The ability of intestinal STRs to activate the incretin response in humans without transport of sugars through the intestinal wall is not entirely clear. In vitro, nonnutritive sweeteners can release GLP-1 from L or GLUTag cells, a GLP-1–secreting cell line. Mice deficient in T1R3 or α-gustducin have reduced GLP-1 release in response to glucose (6), and lactisole, an STR blocker, reduces GLP-1 and PYY secretion and increases the glycemic response to intraduodenal (ID) or intragastric glucose in humans (7,8). On the other hand, the glucose transporters SGLT1 (luminal) and GLUT2 (apical, regarded as not rate limiting) are clearly important for incretin hormone release, and SGLT1-deficient mice have a loss of incretin responsiveness (9). In humans, there is equivocal evidence for an STR-mediated incretin response. Intragastric sucralose failed to stimulate GLP-1 or GIP release (10), but prior ingestion of sucralose-containing diet soda accentuated the GLP-1 response to oral glucose without significantly affecting insulin levels (11). It seems the role of the STRs may, in part, be to upregulate intestinal SGLT1, as this important intestinal transporter is increased by luminal sweeteners in normal, but not T1R3 or α-gustducin deficient, mice (12).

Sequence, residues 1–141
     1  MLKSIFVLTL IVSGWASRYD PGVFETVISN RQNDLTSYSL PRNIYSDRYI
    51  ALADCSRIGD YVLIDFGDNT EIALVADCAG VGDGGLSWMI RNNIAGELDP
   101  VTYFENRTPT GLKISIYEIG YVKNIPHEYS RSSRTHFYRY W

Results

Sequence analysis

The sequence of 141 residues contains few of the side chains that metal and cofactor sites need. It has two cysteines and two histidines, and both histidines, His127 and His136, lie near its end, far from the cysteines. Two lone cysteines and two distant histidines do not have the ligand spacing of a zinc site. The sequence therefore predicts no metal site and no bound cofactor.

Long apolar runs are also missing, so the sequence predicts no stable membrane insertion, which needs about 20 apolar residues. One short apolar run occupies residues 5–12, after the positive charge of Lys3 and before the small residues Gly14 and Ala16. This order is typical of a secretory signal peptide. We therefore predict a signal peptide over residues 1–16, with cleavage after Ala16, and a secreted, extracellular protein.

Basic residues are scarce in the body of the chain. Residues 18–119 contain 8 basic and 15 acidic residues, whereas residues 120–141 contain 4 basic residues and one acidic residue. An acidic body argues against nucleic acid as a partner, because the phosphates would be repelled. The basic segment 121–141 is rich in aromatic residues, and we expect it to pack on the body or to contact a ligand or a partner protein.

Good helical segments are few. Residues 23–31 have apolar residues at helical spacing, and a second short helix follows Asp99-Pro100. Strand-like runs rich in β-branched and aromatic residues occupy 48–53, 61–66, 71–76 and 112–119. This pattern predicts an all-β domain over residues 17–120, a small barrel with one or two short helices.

In this issue, Young et al. (13) add to what they and others have previously shown regarding STRs in type 2 diabetes. Prior evidence indicates that intestinal SGLT1 levels may be increased in type 2 diabetes and glucose transport in duodenal biopsies may be enhanced (14). Duodenal expression of STRs in the fasting state did not differ between diabetic and control subjects, but it was inversely related to glycemia in diabetic subjects (15). In rodents, intestinal STRs are rapidly downregulated by luminal glucose or nonnutritive sweeteners (16). In the new report, type 2 diabetic and control subjects were studied at euglycemia and hyperglycemia with a 30-min ID infusion of glucose containing 3-O-methyl-glucose (3-OMG) to assess glucose absorption. Duodenal biopsies were taken before and after the infusion. Basal intestinal mRNA copy number was substantially different for TRPM5 > α GD > TIR3 > TIR2, but did not differ between diabetic and control subjects. Further, 10–20% of TIR2 cells coexpressed GLP-1 or GIP, and hyperglycemia did not affect TIR2 levels in either group. However, ID glucose increased TIR2 in both groups at euglycemia, but at hyperglycemia, TIR2 was lower in control subjects but higher in diabetic subjects. Moreover, 3-OMG levels were significantly elevated at hyperglycemia in diabetic versus control subjects, but only at 60 min after initiation of ID glucose. The area under the curve for 3-OMG was greater with hyperglycemia, but not different between groups, an observation that may relate to competition for clearance between 3-OMG and glucose. Young et al. suggest the increased 60-min 3-OMG level was likely due to upregulation of SGLT1 (which was not directly measured in the study) by TIR2-related mechanisms. If correct, this would suggest that the STR response may act to enhance the relative rate of glucose absorption and accentuate postprandial hyperglycemia in type 2 diabetes.